News and knowhow for farmers

Scientists make it cheaper to confuse & prevent crop pests

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By George Munene

According to research published in the Journal of Science, researchers have developed a cheaper and natural source of pheromones, i.e, behavior-influencing perfumed chemicals that confuse insects and prevent them from mating.

Currently, it costs Sh121,000 ($1000) to Sh423,640 ($3,500) to produce just one kilogram of artificial pheromones. By modifying plants to more effectively synthesize pheromones, researchers estimate they could slash the cost to just Sh8,477 ($70) and Sh15,137 ($125) per kilogram–similar to the current cost of pesticide application. 

Speaking to the publication, entomologist Muni Muniappan at the Virginia Polytechnic Institute and State University noted that a lower price might make the pheromones accessible to farmers in the developing world. 

But because these pheromones work best when applied to large areas and most farmers in developing regions work small fields, farmers would likely need to work together to see the benefits, he said. “You need to have farmer education and outreach in order to make that successful.”

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Scientists at Lund University, Sweden, have been modifying plants to more effectively produce the chemical building blocks needed for synthesizing pheromones.

The Camelina, a relative of canola, was used as it has seeds rich in fatty acids–an important ingredient in getting plants to produce pheromones.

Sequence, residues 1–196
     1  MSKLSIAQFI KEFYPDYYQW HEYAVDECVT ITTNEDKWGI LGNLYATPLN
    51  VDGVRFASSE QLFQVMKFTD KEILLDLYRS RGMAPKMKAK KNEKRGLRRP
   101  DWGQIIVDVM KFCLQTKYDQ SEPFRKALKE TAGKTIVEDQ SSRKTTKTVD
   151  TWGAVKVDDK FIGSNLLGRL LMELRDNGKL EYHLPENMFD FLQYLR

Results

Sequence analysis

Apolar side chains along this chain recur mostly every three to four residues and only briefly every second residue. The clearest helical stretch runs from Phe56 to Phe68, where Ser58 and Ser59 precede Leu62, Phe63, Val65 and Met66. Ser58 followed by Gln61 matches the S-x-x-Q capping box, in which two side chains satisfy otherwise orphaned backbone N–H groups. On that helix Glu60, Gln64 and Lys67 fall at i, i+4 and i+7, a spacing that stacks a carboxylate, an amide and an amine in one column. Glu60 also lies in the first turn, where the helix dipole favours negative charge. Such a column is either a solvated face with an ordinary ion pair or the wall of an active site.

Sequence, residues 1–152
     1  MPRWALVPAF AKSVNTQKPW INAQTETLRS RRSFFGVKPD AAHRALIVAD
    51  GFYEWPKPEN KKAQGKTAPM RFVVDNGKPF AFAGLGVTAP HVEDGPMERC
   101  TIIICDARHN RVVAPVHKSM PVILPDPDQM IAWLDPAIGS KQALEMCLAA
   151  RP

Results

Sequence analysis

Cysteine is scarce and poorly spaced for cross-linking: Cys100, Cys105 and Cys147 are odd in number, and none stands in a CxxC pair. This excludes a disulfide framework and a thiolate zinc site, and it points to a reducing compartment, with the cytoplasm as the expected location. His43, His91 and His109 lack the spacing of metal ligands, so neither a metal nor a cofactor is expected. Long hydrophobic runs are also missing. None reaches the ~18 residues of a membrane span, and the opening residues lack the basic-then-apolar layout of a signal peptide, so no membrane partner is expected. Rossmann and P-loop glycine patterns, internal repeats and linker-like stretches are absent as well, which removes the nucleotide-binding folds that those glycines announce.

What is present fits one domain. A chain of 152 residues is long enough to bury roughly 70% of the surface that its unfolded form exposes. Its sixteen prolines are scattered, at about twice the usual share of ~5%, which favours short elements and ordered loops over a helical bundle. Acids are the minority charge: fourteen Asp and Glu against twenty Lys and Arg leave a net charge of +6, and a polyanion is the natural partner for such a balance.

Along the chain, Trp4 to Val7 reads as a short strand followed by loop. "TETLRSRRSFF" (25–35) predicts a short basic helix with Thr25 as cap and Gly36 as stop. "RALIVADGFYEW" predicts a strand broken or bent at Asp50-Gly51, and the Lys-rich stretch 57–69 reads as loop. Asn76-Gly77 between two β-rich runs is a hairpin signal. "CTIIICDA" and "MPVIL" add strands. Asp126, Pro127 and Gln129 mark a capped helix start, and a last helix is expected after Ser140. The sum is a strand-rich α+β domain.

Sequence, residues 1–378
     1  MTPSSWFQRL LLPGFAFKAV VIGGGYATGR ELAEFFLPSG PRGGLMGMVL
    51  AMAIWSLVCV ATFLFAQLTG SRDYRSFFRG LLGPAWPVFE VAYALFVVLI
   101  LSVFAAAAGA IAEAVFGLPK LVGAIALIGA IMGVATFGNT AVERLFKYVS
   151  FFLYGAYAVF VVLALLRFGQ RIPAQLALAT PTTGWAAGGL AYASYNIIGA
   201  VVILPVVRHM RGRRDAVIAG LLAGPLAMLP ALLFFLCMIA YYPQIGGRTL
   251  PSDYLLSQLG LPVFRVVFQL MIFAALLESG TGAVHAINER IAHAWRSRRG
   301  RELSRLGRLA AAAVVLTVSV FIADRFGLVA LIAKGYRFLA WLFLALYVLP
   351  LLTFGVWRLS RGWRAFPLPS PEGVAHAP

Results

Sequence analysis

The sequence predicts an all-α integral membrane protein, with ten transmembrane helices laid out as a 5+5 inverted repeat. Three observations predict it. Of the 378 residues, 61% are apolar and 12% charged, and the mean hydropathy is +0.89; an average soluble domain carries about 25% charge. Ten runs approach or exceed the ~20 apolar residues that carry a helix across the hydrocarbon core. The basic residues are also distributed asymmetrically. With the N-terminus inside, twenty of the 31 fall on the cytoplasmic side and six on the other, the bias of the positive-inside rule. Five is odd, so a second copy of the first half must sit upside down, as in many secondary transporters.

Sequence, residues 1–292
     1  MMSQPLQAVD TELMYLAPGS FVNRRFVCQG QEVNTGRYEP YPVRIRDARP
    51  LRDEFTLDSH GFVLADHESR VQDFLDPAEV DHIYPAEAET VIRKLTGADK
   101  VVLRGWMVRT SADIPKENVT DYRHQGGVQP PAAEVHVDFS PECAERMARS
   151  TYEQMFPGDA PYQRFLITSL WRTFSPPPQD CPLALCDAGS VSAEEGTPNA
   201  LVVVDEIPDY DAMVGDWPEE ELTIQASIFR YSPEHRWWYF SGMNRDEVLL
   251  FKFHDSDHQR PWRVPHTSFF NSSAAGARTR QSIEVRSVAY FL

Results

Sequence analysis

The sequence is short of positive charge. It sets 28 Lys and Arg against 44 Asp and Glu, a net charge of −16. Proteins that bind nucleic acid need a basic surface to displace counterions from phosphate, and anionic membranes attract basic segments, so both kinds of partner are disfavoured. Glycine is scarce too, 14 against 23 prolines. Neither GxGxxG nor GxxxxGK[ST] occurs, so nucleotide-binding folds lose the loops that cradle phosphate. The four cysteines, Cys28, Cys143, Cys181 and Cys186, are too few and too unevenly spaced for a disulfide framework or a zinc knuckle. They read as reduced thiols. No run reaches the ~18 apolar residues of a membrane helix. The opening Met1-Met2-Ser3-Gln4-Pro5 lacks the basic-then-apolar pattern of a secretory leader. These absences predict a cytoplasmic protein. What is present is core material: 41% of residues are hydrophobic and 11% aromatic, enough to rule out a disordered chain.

The team tested this pheromone blend in China to control the diamondback moth (Plutella xylostella), a problematic pest for Brassica group of plants (kale, cabbage). The findings showed the pheromone traps worked just as well as commercial synthetic pheromones. 

Another test in Brazilian bean fields showed a single plant-made pheromone could disrupt the mating patterns of the destructive cotton bollworm (Helicoverpa armigera) just as well as synthetic pheromones.

Pheromones, unlike chemicals, are an environmentally friendly way of dealing with pests. 

However, their high cost has seen them used by farmers growing high-value crops that require little land to turn a profit.

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This has curtailed their widespread use by most of the farming population which grows crops such as maize and beans that do not sell for as much.

In 2020 global pesticide consumption stood at 2.7 million metric tons, a more than 57 per cent increase compared to 1990. According to FAO, Africa used an estimated 0.3 kilograms of active pesticides per hectare of cropland in 2018.

Incorporating pheromone use in controlling pests will reduce the application of conventional insecticides, providing sustainable and eco-friendly pest management in agriculture.

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